Methods for identifying aged ship plumes and estimating contribution to aerosol exposure downwind of shipping lanes
- 1Division of Nuclear Physics, Lund University, Lund, Box 118, 221 00, Sweden
- 2Ergonomics and Aerosol Technology, Lund University, Lund, Box 118, 221 00, Sweden
Correspondence: Stina Ausmeel (email@example.com)
Ship traffic is a major source of aerosol particles, particularly near shipping lanes and harbours. In order to estimate the contribution to exposure downwind of a shipping lane, it is important to be able to measure the ship emission contribution at various distances from the source. We report on measurements of atmospheric particles 7–20 km downwind of a shipping lane in the Baltic Sea Sulfur Emission Control Area (SECA) at a coastal location in southern Sweden during a winter and a summer campaign. Each ship plume was linked to individual ship passages using a novel method based on wind field data and automatic ship identification system data (AIS), where varying wind speeds and directions were applied to calculate a plume trajectory. In a situation where AIS data are not matching measured plumes well or if AIS data are missing, we provide an alternative method with particle number concentration data. The shipping lane contribution to the particle number concentration in Falsterbo was estimated by subtracting background concentrations from the ship plume concentrations, and more than 150 plumes were analysed. We have also extrapolated the contribution to seasonal averages and provide recommendations for future similar measurements. Averaged over a season, the contribution to particle number concentration was about 18 % during the winter and 10 % during the summer, including those periods with wind directions when the shipping lane was not affecting the station. The corresponding contribution to equivalent black carbon was 1.4 %.
Air pollution from anthropogenic activities, such as ship traffic, affects both human health and climate. Airborne particles cause negative health effects such as pulmonary and cardiovascular diseases, resulting in premature deaths and increased societal costs. Air pollution from combustion sources have an effect on climate due to emissions of greenhouse gases as well as particles with different optical properties and cloud-forming capacities.
In order to reduce air pollution there are regulations on sectors with high emissions, for example the transportation sector. However, despite these regulations air pollution continues to be a serious problem. One sector that has gained relatively little attention in terms of emission control in the past is international shipping. The relative contribution from shipping to the total air pollution from transport is an increasing problem due to expected growth in shipping activity (Brandt et al., 2013; Corbett et al., 2007). One regulatory measure that has been taken to specifically reduce sulfur emissions from ships is the introduction of so-called Sulfur Emission Control Areas (SECAs), where the Baltic Sea SECA was one of the first to become established (Corbett and Fischbeck, 1997). In the International Convention for the Prevention of Marine Pollution from Ships (MARPOL) Annex VI, the main exhaust gas emissions of sulfur oxides (SOx) and nitrous oxides (NOx) are limited. Hence, the International Maritime Organisation (IMO) has regulated the fuel sulfur content in several steps, with a total decrease from 1.5 % to 0.1 % mass fraction between the years 2010 and 2015 in Sulfur Emission Control Areas. In 2016 it was decided that further reduction of the fuel sulfur limit is going to be implemented, with a cap of 0.50 % sulfur in fuel oil on board all ships from January 1 2020. A recent report showed a compliance level to the sulfur regulations of 92 %–94 % during 2015 and 2016 in the region around Denmark (within the Baltic Sea SECA) (Mellqvist et al., 2017). Hence it is expected that most ships in the region are using fuels with a sulfur content of maximum 0.1 %. In addition to cleaner fuels, such as low-sulfur residual marine fuel oil, marine diesel oil (MDO), or liquefied natural gas (LNG), ships can comply by being equipped with scrubbers which remove the SO2 from the flue gas. The use of scrubbers was also observed in the region during our period of interest, by Mellqvist et al. (2017).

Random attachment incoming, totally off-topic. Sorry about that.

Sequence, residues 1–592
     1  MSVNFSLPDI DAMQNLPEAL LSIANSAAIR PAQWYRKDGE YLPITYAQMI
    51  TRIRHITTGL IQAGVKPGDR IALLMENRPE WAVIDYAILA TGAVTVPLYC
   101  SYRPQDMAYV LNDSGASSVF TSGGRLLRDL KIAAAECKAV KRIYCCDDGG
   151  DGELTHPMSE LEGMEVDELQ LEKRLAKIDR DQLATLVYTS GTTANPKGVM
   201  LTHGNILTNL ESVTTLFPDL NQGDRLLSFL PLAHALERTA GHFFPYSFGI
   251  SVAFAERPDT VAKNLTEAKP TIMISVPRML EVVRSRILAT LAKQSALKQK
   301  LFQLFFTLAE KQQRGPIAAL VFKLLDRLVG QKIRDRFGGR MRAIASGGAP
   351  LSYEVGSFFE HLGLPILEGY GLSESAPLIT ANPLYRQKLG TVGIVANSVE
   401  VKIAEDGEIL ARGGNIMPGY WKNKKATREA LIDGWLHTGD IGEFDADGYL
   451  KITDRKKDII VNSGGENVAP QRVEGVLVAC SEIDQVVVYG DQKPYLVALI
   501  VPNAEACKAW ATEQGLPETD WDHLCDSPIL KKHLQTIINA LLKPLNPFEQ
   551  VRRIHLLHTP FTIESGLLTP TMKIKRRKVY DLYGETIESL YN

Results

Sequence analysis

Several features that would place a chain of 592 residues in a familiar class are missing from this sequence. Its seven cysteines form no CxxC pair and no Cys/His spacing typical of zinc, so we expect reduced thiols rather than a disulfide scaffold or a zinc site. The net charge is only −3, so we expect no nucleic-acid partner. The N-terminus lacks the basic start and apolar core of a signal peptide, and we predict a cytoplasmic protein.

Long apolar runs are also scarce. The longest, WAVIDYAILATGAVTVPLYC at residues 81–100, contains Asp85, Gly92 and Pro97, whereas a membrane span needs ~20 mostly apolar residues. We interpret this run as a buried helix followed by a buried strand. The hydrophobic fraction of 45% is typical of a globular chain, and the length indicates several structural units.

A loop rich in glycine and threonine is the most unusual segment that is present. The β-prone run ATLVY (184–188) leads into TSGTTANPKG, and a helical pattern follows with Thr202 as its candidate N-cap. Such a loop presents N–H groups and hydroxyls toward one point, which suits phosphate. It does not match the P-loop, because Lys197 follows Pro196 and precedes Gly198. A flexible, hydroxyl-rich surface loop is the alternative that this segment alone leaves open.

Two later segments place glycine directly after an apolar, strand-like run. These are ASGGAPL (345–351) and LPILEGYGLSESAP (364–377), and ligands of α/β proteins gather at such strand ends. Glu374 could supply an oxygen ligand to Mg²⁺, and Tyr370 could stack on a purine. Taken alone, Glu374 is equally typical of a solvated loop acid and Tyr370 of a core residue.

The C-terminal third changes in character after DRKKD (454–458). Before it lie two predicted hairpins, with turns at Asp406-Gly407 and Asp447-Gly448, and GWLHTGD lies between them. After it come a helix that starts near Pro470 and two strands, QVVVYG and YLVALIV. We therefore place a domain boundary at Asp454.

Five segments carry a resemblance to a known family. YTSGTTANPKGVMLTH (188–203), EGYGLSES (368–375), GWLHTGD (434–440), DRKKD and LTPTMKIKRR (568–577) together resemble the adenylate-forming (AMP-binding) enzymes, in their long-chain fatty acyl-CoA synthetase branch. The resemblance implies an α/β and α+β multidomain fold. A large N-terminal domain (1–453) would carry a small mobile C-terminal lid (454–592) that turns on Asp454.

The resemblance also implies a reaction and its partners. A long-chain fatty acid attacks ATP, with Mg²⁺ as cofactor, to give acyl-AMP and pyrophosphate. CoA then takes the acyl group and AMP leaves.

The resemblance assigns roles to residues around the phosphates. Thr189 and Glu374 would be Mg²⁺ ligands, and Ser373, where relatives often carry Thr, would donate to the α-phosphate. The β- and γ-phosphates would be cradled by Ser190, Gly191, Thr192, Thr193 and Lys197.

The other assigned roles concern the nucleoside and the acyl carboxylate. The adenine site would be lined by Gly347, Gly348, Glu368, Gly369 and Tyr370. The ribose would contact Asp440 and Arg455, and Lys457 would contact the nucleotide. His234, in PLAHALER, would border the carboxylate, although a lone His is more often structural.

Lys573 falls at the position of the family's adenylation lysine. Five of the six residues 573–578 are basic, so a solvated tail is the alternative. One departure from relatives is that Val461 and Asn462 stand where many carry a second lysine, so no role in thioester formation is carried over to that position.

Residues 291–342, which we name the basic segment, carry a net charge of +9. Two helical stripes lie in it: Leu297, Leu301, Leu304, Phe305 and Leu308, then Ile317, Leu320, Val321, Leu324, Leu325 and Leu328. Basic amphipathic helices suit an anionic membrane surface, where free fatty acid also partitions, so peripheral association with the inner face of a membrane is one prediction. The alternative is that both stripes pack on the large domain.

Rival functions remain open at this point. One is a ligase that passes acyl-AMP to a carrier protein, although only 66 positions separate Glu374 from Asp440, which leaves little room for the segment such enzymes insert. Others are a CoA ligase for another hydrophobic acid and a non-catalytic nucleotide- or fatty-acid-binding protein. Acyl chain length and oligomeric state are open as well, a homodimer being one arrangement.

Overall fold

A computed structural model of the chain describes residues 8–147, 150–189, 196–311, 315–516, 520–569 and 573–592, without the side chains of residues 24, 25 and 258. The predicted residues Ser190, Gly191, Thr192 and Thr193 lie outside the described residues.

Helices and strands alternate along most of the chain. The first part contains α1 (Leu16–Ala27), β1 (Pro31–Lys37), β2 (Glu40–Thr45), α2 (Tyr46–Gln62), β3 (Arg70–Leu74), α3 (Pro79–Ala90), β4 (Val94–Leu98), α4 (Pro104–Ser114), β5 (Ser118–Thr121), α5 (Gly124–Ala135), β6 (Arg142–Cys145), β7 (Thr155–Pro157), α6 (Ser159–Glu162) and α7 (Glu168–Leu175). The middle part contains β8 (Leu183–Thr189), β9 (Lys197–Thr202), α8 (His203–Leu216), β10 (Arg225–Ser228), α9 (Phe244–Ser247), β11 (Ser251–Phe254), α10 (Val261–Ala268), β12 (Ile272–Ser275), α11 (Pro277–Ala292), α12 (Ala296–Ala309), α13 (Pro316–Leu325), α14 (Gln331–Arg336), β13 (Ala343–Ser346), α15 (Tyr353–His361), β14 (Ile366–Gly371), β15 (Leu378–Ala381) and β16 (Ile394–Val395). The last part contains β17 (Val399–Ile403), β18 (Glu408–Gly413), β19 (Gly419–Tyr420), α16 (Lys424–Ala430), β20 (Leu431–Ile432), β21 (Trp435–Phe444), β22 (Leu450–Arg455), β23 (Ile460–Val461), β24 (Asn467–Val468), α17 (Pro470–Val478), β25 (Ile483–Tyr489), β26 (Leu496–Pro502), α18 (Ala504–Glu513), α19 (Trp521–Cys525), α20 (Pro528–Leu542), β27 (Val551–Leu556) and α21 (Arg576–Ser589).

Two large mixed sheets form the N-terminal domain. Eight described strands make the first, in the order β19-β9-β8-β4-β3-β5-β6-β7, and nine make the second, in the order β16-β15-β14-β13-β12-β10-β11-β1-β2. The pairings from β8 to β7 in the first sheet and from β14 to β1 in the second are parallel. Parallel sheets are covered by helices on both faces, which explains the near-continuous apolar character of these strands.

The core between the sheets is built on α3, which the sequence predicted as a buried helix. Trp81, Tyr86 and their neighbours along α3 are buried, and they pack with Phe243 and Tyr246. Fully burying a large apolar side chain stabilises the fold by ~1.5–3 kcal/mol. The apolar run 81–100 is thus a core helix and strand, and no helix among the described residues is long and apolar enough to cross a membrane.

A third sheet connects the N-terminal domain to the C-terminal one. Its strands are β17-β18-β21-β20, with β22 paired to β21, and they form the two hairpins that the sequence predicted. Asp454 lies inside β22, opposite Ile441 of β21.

One way to characterize and quantify ship emissions is through measurements in coastal areas, downwind of a shipping lane. This makes it possible to register an increase in particle levels and the exposure to particles in this area when individual ship emission plumes pass the measurement station. With increasing distance from the emission source, the plume becomes more dilute and physically and chemically transformed due to atmospheric ageing. In order to assess physicochemical properties but still capture features of the aged particles, which differ from the freshly emitted, it is therefore desirable to measure at an intermediate distance to the ships. Measurements of ambient aerosol particles are also important for an accurate assessment of the health effects, which depend on the actual exposure. This motivates measurements of the atmospherically aged ship aerosol particles from all types of ships affecting the coastal population. However, there are challenges associated with measuring aerosols from individual plumes further away from a moving point source such as a ship. Dilution will eventually make it harder to distinguish from background levels – there can be an overlap of several plumes that intersect, and varying wind speed and wind direction makes it less obvious which ship is connected to which plume if the traffic is relatively intense.